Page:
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Some input on a practice regiment

Discussion in 'General Instruction [BG]' started by queevil, Apr 28, 2010.


  1. queevil

    queevil

    Aug 6, 2009
    Waco,TX
    Hello everyone,

    I've been playing bass for close to 11 years now. I play well but I really want to step it up a notch. Lately I've been pondering coming up with a practice regiment but I really don't know where to start. My aim is to be a versatile bassist as opposed to a bassist that does one or two things or plays a style of music really well. I just want to be good all around. I want to be a well rounded musician. John Paul Jones is one of my heroes not because he can play bass well but because he is really a great, well rounded musician. I'm just using him as an example.

    As far as a practice regiment goes I feel like there's so much I need to practice to get to where I want to be. Technique, theory, reading, ect. Like so many I'm a working family man so I need to make the most of my time. However, I have a family that is very supportive of music.

    A little about me. Playing for close to 11 years. I know a bit about the rudiments of theory but nothing too advanced. I understand how chords and scales relate to one another. I know what intervals sound like. I can look at the bass clef and pick out a note and play it but really that's what I'm limited to as far as reading goes. Oh, and I can look at sheet music and tell what the interval is between two notes. I recently started playing worship music and it's been a rewarding experience. However, when my bandleader says something like, "hey, lets try doing this song in the key of F rather than C", well I'd be lost. Thankfully he's really patient and I've actually taught him a thing or two about music. My main instrument is a fretless J bass. That's just what I like. I feel like I have a pretty good ear. I can name pitches really well. When I listen to music I try to listen analytically rather than just casually. My main technique for my right hand is the plain 'ol alternating two finger method.


    I like going into a situation that requires me to play music that is been rehearsed already but I don't want to be relegated to just playing music in those situations. I want to be able to be called up by a bandleader that knows I'll be able to play the music they're playing whether I've heard it before or not. Right now I'm not there.

    I think that learning different techniques is important but only so I can be versatile.

    I'm sorry about such a long winded post but it would be ridiculous for me to ask the question that I have without giving you all the above information.

    FWIW, my financial situation is definitely going to improve in the forseable future and when it does I'll start looking for a suitable instructor but does anyone have any advice on a practice regiment until then. Thanks a lot everyone!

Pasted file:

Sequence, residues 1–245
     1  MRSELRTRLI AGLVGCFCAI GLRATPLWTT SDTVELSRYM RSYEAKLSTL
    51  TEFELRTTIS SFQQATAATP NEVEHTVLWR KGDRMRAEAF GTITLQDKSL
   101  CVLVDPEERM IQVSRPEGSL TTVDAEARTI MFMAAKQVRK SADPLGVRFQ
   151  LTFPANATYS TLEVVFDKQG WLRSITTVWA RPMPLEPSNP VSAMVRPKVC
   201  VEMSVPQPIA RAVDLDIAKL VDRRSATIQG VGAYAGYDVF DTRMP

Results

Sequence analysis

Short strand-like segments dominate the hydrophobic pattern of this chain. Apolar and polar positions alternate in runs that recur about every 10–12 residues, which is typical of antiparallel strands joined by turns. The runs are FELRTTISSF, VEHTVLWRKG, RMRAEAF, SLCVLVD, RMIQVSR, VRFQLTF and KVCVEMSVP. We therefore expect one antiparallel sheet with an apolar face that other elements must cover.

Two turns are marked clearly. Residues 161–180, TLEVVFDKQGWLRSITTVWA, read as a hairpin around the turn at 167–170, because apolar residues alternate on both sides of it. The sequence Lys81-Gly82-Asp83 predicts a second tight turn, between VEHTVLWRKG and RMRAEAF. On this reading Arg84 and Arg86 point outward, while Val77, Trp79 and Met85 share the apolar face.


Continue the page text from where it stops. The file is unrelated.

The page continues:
2. i've asked that question at least 3 times and i never really get an answer, maybe its one of those things that CAN'T really be answered
     
  3. Chris K

    Chris K

    May 3, 2009
    Gorinchem,The Netherlands
    Partner: Otentic Guitars
    First of all you should work on you ability to play from chords sheets and lead sheets.
    You can train this by getting lots lead sheets of music in your style and play them along with YouTube, cd's, mp3 or the like. It will train you to play music you have never heard before.

    (Keep in mind to better not accept gigs with music you do not know if they can only provide you with texts with chords - you'll make lots of mistakes you can do little about. If you know the stuff, it is less of a problem.)


    Secondly, learn to play from music notation, later on to sightread/-play.


    A good question always is: if they want you to fill in, what facilities do they offer? If they are too lazy to document their music, they shouldn't expect you to work miracles.
     
  4. Ewo

    Ewo a/k/a Steve Cooper Supporting Member

    Apr 2, 2008
    Huntington WV
    I can help ya with the word: you mean to say regimen--unless you want to call out the cavalry! ;)

    IMHO, it's well worth the effort to learn to read with some fluency. My advice is to build some sight-reading into your practice regimen. When you get fatigued, do some other practice. Repeat the next day.

    Reading the left hand parts in simpler Bach pieces could be fun...
     
  5. Ewo

    Ewo a/k/a Steve Cooper Supporting Member

    Apr 2, 2008
    Huntington WV
    Thought of another thing...

    You said you'd have trouble transposing, on the stand. Heck--practice doing it! Just choose a tune you know well, pick a different key and go to it.

    To simulate doing it live, play to a click (slow the tempo down) and keep going even if you make a mistake, just as you'd have to do on the stand. Recover from the error on the fly, IOW.

    Rinse and repeat: another tune, another transposition. Quit when you're fatigued--and avoid memorizing the tune in the transposition. That ain't the objective of the exercise.
     
  6. queevil

    queevil

    Aug 6, 2009
    Waco,TX
    Thanks for the advice so far everyone.
     

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